Colorado’s Child Prevention Abduction Act defines child abduction as the wrongful removal or wrongful retention of any minor child that violates the rights of custody or court-ordered rights of anyone to the allocation of parental responsibility, custody or parenting time. Anyone can violate these rights, including a parent. And anyone with visitation rights to the minor child may seek to prevent abduction or removal of the minor child, including a grandparent. Contact one of our Fort Collins child custody attorneys to discuss emergency custody in Colorado.
Important and Immediate Steps
If you believe your child may be abducted or that an imminent threat of abduction exists, there are important steps you must take quickly. Call law enforcement and inform them of your concerns. State and Federal Laws have been enacted which aim to protect children from abduction. The first step when the threat of abduction exists is to file a Petition with the Court to implement Child Abduction Prevention Measures. Upon the filing of that Petition the Court will act swiftly to hold an emergency hearing and assess whether a credible threat exists and whether abduction prevention measures should be implemented immediately.
Because child abduction is recognized as a form of child abuse, if a Court finds evidence of a credible and imminent threat of abduction that violates parental rights or an existing Court Order, such a threat of imminent abuse could empower a Colorado Court to exercise temporary jurisdiction over a child not resident to Colorado. Such emergency jurisdiction would allow the Court to implement child abduction prevention measures until the proper Court can exercise jurisdiction and address the threat of abduction.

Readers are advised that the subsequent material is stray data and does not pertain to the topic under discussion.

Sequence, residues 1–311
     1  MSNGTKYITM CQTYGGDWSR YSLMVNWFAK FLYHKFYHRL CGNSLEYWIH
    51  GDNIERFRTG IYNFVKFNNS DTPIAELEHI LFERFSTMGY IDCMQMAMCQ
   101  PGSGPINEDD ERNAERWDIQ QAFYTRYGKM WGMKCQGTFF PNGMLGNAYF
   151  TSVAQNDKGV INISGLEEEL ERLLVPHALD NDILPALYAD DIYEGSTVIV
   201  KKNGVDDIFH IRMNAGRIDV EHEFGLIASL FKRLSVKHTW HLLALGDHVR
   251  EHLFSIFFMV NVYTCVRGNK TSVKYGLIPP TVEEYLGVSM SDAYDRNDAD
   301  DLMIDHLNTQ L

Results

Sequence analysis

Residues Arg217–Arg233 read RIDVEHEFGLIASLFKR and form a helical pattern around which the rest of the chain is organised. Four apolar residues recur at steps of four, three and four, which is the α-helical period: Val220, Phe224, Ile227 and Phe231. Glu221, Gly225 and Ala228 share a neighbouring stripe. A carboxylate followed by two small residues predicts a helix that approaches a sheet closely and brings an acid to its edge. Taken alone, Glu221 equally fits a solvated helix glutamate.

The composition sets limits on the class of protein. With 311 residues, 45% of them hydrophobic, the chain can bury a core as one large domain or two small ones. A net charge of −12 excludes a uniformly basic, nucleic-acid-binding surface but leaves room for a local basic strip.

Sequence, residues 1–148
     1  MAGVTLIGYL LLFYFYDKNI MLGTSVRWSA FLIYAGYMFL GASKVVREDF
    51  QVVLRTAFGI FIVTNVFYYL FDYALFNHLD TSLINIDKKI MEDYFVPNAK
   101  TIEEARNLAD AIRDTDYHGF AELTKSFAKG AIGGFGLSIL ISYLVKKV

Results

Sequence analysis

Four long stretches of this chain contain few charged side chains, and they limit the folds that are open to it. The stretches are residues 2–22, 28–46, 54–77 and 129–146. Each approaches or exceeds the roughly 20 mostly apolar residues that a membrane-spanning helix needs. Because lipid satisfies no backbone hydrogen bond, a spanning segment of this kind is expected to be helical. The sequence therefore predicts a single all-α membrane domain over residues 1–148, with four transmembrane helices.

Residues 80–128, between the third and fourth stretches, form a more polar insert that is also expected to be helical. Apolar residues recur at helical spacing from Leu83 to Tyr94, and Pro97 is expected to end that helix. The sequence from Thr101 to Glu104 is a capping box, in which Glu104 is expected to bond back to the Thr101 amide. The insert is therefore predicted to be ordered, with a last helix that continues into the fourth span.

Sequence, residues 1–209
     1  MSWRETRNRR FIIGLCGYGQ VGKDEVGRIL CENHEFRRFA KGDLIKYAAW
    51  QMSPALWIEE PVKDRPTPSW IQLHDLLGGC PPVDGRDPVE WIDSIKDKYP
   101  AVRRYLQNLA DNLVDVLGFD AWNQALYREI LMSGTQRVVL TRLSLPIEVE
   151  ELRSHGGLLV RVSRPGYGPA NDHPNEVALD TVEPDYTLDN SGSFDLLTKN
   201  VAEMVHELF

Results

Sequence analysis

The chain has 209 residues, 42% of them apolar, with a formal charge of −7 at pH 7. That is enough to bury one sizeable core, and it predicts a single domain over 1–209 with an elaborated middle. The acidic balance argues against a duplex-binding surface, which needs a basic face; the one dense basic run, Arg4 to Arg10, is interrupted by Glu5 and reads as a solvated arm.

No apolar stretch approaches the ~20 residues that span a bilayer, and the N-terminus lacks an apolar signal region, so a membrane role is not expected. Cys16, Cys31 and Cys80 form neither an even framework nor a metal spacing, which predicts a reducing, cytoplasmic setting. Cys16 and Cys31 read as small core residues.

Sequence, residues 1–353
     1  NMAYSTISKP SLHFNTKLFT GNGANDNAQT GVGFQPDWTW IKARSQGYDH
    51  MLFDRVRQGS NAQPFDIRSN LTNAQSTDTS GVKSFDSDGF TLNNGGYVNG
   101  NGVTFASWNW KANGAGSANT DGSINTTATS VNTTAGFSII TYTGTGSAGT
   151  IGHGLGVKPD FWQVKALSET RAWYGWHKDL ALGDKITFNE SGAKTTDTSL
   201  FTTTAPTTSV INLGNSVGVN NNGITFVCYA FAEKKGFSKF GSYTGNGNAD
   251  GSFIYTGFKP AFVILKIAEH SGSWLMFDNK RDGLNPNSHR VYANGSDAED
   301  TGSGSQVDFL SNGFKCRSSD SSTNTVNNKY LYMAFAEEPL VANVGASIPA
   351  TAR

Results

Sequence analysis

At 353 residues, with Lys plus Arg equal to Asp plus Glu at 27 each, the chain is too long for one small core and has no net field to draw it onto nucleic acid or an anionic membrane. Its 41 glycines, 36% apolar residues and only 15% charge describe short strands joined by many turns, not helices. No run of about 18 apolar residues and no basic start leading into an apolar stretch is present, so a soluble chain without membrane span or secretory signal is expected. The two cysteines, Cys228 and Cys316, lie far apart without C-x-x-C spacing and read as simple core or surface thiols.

Factors the Court Considers
The Court must examine numerous factors, both past and present, to determine whether a threat of abduction exists. Such factors may include, among others, any history of domestic violence among the parties as well as prior adherence to or violation of Court Orders regarding custody and parenting time. Other compelling evidence includes the potential abductor quitting a job, closing bank accounts, or filing for a passport. Courts also look to the age of the child and the difficulties in returning the child to its home jurisdiction if the child is abducted. These factors are further complicated when the alleged abductor has strong ties to another country or the threat of abduction involves the child’s transference to a country not a signatory to the Hague Convention which aims to protect children from abduction to foreign countries.
Orders the Court May Issue to Prevent Child Abduction
In the event that the evidence presented demonstrates a credible threat of abduction, the Court can enters Orders immediately imposing travel restrictions, changes to decision making and parenting time rights, and other more urgent measures to prevent an imminent abduction or one currently in process. When appropriate, such measures may even include a warrant issued by the Court to take custody of the child from their alleged abductor. The Court is especially inclined to take extreme measures when the potential for child endangerment is imminent.
If you have concerns that your child may be a victim of abduction, do not delay. Contact law enforcement and one of Fort Collins Family Law Attorney immediately to put measures in place for the protection of your child.